The death of the soul under the cover

Hush hush, they are the quiet ones 

Hush hush, they are the dark ones

Hush hush, listen to the whisper

Hush hush, the quiet ones speak louder

Apparent suicide of renowned coach Duncan Nugent soon got the investigation roaring up as foul play was discovered. But everyone around him kept their silence, hiding a deep soul crushing secret. Journalist Oonagh got into the depth of it as she uncovered the layers. Can opened, and the dark worms kept twirling and twisting, wriggling out, one by one, showing the darkness that resided in a human psyche. 

My first book by Theresa Talbot, and the story ran its swift pace with short, snappy chapters. Oonagh was quite a gal, flawed yet strong with a tenacity that had to be admired. One thread was all that was needed for her to get to the truth. She did drink quite a lot, but I have to admit in this case, anyone would to forget. 

Theresa's writing brought out the twisted perversions of the coach, slowly unfurling with light, treaded footsteps till reality became the darkness that could not remain hidden as the roots of the cover-ups were exposed. The atmosphere kept building up with Oonagh's investigation, the horrors came to the forefront, keeping me at the edge of the seat with shivers running down my spine. 

My heart cried at the plot line which was inspired by the real story. My mind cherished the writing which kept the thrill running from the beginning to to end. Some parts rushed, some slowed, but overall kept my interest running from beginning to end.
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Thank you to Aria and NetGalley for an ARC in exchange for an honest review.

The story behind the plot is heartbreaking, and sadly all too familiar in our day and age - young, vulnerable children and youths abused by older, powerful adults. Cover-up at the time, lots of brokenness, and now the sins of the past have come home to roost and first one, then two and then three messy murders ensue.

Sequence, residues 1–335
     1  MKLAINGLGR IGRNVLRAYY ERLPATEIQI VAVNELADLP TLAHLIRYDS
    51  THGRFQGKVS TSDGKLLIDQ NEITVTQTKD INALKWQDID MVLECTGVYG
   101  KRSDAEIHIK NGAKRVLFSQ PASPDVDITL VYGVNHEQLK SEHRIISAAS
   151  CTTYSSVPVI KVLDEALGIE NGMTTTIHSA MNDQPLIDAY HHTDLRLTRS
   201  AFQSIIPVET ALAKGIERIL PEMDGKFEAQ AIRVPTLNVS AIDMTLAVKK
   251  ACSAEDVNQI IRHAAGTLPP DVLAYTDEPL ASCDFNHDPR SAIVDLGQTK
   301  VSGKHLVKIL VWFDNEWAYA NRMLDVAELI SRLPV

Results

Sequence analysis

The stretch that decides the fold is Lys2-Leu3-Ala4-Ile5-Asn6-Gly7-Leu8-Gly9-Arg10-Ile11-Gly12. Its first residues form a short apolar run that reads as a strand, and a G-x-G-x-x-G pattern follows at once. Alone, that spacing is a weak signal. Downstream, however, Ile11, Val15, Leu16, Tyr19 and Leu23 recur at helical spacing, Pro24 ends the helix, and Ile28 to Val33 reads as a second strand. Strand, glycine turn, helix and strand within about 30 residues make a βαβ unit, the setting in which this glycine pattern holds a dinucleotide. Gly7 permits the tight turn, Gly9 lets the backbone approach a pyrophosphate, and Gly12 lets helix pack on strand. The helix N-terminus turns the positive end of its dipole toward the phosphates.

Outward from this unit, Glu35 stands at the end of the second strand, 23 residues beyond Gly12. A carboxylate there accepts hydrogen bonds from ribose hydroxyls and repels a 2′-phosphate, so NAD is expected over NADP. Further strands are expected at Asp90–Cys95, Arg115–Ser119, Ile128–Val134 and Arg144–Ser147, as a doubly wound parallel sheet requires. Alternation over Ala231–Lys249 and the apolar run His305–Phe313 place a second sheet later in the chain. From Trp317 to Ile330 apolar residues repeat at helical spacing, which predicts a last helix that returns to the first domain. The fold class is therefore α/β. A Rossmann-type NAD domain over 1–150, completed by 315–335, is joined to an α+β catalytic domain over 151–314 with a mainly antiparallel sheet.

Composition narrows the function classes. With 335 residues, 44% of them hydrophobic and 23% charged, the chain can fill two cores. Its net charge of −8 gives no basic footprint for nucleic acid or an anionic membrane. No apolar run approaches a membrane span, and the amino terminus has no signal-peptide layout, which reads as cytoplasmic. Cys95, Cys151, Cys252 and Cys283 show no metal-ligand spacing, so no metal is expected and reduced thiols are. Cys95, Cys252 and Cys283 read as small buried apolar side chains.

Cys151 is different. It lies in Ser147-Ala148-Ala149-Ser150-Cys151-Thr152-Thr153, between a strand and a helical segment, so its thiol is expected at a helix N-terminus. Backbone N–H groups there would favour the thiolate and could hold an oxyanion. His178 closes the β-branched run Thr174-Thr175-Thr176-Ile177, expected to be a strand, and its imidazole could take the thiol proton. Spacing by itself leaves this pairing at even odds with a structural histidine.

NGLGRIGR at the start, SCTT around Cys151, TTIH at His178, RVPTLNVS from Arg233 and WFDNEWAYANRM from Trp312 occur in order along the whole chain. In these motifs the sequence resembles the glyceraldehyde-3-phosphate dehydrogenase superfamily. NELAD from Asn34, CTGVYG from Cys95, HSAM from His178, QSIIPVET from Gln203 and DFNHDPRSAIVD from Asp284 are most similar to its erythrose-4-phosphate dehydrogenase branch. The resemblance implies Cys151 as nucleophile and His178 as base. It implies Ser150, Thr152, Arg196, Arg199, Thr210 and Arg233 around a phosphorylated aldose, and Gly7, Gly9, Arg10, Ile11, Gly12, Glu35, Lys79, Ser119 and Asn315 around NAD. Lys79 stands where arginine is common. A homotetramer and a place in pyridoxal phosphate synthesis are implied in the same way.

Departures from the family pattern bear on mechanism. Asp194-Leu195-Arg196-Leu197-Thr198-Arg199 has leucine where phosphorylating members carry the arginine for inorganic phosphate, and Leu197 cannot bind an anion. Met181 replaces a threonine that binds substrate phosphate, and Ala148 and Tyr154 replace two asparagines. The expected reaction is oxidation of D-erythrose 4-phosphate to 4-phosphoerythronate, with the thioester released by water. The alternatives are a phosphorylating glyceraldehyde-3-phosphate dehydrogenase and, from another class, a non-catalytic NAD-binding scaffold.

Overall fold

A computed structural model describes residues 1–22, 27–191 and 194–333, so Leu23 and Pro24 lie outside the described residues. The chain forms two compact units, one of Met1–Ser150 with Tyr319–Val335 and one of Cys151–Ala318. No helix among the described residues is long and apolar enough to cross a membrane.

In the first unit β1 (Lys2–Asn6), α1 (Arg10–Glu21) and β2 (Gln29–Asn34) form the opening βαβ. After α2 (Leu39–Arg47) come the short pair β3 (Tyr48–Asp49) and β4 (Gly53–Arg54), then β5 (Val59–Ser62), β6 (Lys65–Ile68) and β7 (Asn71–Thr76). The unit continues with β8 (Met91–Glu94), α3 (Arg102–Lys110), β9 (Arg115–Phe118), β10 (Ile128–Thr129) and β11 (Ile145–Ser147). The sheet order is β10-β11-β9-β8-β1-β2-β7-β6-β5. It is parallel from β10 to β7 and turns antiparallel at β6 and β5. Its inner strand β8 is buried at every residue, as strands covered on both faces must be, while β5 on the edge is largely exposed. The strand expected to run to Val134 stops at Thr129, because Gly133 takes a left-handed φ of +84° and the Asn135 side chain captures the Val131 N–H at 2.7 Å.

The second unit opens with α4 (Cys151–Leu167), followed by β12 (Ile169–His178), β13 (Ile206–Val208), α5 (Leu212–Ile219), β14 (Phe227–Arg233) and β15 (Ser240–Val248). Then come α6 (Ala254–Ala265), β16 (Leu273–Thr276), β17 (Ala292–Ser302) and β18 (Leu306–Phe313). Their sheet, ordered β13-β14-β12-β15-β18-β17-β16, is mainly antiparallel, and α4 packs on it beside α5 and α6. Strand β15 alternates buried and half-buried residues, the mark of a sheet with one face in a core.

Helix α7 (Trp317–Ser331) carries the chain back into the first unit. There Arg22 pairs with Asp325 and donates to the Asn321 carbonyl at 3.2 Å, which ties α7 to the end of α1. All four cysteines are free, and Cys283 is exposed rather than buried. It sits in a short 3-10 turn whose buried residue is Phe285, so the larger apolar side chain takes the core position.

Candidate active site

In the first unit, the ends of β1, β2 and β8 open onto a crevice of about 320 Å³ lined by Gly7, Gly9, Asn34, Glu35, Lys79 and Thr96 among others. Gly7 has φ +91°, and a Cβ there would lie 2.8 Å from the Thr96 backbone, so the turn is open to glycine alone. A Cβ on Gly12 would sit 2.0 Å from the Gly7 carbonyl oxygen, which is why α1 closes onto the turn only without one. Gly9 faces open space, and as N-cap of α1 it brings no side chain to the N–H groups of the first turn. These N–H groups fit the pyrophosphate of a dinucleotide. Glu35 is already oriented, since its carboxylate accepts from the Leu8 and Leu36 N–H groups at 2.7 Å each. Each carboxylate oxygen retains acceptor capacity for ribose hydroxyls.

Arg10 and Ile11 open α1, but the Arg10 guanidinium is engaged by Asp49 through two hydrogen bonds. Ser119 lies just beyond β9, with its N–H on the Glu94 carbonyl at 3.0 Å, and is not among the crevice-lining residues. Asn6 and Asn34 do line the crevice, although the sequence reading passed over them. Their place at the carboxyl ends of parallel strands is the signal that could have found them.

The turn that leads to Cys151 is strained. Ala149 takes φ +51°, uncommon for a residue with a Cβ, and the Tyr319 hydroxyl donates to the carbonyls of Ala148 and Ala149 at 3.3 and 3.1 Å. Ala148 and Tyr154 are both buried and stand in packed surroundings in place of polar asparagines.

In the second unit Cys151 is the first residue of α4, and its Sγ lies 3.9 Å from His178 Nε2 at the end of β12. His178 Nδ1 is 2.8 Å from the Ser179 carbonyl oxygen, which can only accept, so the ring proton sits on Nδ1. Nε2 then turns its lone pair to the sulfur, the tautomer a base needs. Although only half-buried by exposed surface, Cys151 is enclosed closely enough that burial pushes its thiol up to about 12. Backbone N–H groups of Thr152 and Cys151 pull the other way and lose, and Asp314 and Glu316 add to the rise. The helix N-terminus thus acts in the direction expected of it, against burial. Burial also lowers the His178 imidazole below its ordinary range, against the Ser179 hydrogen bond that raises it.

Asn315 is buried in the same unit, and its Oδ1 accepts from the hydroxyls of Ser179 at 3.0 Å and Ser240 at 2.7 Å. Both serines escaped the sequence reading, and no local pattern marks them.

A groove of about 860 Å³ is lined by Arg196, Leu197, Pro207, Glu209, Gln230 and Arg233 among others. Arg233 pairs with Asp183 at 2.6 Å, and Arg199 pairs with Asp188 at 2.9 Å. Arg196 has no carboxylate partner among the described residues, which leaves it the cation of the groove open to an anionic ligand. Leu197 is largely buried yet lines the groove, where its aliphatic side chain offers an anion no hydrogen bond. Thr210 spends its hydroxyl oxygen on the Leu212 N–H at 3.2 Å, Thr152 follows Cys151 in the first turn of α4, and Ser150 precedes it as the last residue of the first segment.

The story was well-written, I enjoyed the POV of the journalist working alongside the police to uncover the truth. However, I did find it slow going, and there were quite a few references to happenings in earlier books (I didn't realize this was one of a series) that were not very understandable to anyone reading this author for the first time. The author did a great job of setting the scene in Glasgow, and of working with the moral ambiguity we feel when bad things happen to horrible people. 

3.5 stars, rounded up to 4
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Holy-bloody-moly! What a read! insightful, compelling, raw, dark and oh-so-addictive, The Quiet Ones had me hooked from the start! Highly recommended read. 

Full review and update will be added after my stop on the blog tour.
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A good, fast paced psychological thriller, which is sure to give you a good shock or many, thrills, chills, and the creeps.  Well written and a very fast read.  
Will make sure I buzz it up!
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Another excellent book from Theresa Talbot.  I love her character Oonagh O'Neill who is a journalist working closely with the police and I love the Glasgow setting which I could certainly identify with. 
This book was really quite dark with some disturbing themes. My heart broke for some of the characters and the fact that the book was based on a true story made it even more devastating. My worst fear of rats figured at one point. omg my skin was crawling!
Really well written and authentic, I hope there are many more Oonagh O'Neill books to come!
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A Brilliantly written psychological thriller with a fabulous graphic plot you won't soon forget .  I highly recommend ! Thanks to Netgalley and Aria for the opportunity to read and review this book! #Netgalley  #Aria #TheQuietOnes
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A very fast paced and exciting story. Well written. Highly recommended to fans of darker thriller and mystery